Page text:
When you are accepting loans to help pay for your college education, it is important to think ahead to repayment.
To help you make an informed choice when borrowing and prepare you for repayment, consider when you will start repaying, how much your monthly payments will be and how long you will be repaying your loans.
Below we have shared information and resources to help you better manage your loans after graduation. It will be useful to have your Federal Student Aid (FSA) ID nearby, as it is required to access several of these resources. If you do not have an FSA ID or have forgotten your login information, please visit fsaid.ed.gov to create one or to retrieve your FSA ID information.
To repay borrowed funds from Direct Subsidized Loans, Direct Unsubsidized Loans or a Direct Graduate PLUS Loan, the federal government offers several options for payment plans. The amount of your monthly payments and the number of your monthly payments (equaling the total amount you will owe) is determined by the payment plan you select, either standard, extended or graduate payment plan.
After graduating, you may be eligible for special repayment programs. These plans, which are income-driven, include, Pay-As-You-Earn, Revised Pay-As-You-Earn, Income-Based and Income-Contingent. Payments are adjusted as your income varies.
For further information about federal student loan payment options, please visit the U.S. Department of Education’s Direct Loan Repayment Plans page.
To help calculate your repayment, we suggest you use the Loan Simulator. This tool, which you must use your FSA ID to access, can help you view which plans you may be eligible for and find a repayment plan that aligns with your financial needs. They also provide guidance on how to manage and understand student debt, by helping you select a plan in five steps or less. The U.S. Consumer Financial Protection Bureau also provides an online Repay Student Debt tool that can walk you through your options and optimize how to pay off your loans.
You may also visit the U.S. Department of Education’s Manage Loans page to access a variety of repayment calculators to understand your payment plan options. To use these calculators, you will need the cumulative amount of your federal loans. You can find this information by logging in to the National Student Loan Data System with your FSA ID information.
Online exit counseling is required for students borrowing through the Federal Loan Program and must be completed when repayment begins. Repayment of your federal Direct Loans starts six months after your graduate, withdraw from classes or drop below half-time enrollment.
Completing exit counseling is simple:
- Go to the federal student aid exit counseling page.
- Log in with your FSA ID, social security number and date of birth.
- If you do not have an FSA ID, you can create one online.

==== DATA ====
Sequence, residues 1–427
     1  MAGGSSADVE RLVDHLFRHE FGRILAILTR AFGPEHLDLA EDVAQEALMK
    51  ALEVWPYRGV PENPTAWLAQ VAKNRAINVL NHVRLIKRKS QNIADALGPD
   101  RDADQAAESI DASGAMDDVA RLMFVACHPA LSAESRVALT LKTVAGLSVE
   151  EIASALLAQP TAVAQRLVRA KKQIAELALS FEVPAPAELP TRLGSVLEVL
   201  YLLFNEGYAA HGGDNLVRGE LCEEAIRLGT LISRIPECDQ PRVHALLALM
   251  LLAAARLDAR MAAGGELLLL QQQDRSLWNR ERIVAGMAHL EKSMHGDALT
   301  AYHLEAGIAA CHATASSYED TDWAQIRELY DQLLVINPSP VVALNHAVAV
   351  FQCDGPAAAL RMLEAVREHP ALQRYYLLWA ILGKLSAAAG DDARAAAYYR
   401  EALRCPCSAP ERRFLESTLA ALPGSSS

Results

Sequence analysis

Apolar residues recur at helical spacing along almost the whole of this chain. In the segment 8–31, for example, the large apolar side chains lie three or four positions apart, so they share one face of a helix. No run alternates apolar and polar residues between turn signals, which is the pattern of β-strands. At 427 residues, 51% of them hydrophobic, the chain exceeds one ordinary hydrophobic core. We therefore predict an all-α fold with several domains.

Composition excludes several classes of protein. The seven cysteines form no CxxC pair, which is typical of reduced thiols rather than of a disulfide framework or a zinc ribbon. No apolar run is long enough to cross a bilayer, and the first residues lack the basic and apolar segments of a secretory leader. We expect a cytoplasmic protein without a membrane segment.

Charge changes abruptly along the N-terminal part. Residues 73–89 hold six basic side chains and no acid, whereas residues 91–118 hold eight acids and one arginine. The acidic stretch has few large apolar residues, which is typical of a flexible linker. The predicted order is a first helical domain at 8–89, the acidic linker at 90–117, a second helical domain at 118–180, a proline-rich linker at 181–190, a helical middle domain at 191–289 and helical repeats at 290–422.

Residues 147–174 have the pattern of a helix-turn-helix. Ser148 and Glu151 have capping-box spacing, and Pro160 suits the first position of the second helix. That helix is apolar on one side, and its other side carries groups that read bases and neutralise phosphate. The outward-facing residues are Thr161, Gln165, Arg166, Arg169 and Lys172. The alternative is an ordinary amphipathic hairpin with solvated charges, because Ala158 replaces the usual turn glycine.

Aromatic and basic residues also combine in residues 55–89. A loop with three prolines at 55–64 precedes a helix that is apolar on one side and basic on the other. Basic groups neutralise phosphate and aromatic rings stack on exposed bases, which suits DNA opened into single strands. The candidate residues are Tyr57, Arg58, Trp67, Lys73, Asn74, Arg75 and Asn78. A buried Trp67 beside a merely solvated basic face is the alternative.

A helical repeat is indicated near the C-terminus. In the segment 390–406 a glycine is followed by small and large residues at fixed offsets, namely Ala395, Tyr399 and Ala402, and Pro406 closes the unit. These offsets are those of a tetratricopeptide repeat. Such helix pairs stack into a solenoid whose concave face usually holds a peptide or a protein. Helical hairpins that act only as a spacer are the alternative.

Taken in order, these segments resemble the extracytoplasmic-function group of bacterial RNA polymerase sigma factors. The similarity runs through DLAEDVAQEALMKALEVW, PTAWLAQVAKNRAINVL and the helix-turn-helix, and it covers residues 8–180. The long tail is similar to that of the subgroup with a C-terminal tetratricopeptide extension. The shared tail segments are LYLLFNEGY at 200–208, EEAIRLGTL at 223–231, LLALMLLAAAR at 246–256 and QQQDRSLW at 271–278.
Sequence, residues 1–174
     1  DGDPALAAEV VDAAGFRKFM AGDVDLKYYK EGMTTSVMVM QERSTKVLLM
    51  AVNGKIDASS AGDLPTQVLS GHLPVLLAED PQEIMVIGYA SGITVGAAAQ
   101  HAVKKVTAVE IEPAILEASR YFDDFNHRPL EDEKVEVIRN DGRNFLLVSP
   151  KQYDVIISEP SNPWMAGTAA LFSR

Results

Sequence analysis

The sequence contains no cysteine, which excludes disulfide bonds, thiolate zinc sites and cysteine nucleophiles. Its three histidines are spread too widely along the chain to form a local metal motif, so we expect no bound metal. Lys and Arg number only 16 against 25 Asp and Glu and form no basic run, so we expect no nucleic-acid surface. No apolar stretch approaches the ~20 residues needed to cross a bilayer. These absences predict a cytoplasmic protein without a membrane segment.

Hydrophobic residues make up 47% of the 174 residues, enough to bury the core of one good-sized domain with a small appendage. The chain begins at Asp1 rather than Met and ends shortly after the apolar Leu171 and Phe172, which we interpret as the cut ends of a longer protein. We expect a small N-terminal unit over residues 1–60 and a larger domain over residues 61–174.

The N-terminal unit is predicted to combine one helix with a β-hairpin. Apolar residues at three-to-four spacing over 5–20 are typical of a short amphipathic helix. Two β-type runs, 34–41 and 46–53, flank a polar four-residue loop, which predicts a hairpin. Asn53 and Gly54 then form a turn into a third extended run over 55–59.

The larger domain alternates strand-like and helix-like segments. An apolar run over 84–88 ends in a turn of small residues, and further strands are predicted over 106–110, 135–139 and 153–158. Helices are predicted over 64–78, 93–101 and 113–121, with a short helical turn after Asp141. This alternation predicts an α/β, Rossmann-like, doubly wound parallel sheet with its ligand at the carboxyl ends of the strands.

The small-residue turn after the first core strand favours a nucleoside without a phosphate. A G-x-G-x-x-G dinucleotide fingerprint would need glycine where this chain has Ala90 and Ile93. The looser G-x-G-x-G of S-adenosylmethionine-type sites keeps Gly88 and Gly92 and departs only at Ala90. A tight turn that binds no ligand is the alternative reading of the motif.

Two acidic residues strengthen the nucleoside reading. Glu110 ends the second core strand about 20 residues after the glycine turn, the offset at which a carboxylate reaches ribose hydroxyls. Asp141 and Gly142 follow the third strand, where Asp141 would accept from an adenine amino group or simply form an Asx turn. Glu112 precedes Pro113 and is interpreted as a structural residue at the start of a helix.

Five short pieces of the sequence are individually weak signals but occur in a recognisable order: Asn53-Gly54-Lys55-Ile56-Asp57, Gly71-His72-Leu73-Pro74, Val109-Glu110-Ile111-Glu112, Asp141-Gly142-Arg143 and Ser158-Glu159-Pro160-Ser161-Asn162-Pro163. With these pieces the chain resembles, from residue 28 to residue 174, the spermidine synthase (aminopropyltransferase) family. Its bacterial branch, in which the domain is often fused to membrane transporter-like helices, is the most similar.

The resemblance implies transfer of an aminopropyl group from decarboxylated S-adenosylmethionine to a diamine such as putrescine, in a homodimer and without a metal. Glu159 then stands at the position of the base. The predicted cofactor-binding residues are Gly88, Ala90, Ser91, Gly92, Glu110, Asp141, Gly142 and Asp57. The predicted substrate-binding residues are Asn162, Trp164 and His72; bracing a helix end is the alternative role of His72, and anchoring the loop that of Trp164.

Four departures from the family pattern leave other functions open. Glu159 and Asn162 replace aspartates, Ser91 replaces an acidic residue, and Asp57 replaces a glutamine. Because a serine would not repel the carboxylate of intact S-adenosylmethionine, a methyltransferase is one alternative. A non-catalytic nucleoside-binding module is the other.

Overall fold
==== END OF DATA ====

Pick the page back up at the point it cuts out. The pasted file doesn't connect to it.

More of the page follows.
For more information, please review the Exist Counseling Guide.
The Office of Student Financial Aid is available to help you understand your repayment options and assist you as a third-party liaison with the U.S. Department of Education. To contact us, call 301.314.TERP (8377) or email email@example.com.
If you are employed full-time in the public service sector and are enrolled in certain repayment plans, you may be eligible for forgiveness of the remaining balance of your federal student loans after making 120 monthly payments. For more information, visit the U.S. Department of Education’s Public Service Loan Forgiveness page.
If you have been a full-time teacher in a low-income school or education agency for five complete and consecutive years, you may qualify for the Teacher Loan Forgiveness Program. Through this program, you may be eligible for forgiveness of up to $17,500 on qualifying federal loans.
If you are experiencing difficulty making your loan payments, you might qualify for a deferment, forbearance or other forms of payment relief. For more information, visit the U.S. Department of Education’s temporary payment relief page.
If you borrowed different types of federal loans, you have the option to combine them, even if they have varying repayment schedules, into a Direct Consolidation Loan. By consolidating your loans, you will have a single monthly payment.
To repay your private loans, you will need to contact your lender directly. Each private loan lender will offer their own repayment options based on the terms and conditions of your loan agreement.
If you are unsure of your private lender information, please review your loan documents or your personal credit report. The Fair Credit Reporting Act requires credit agencies to provide a free copy of your credit report every 12 months. The Federal Trade Commission has a central website to request your free credit report or you can request by calling 1.877.322.8228.
Many private loan lenders offer education loan consolidation programs but they are separate from the federal student loan consolidation program and will not offer the same federal loan repayment options. Please be sure to discuss all your repayment options in detail with your lender.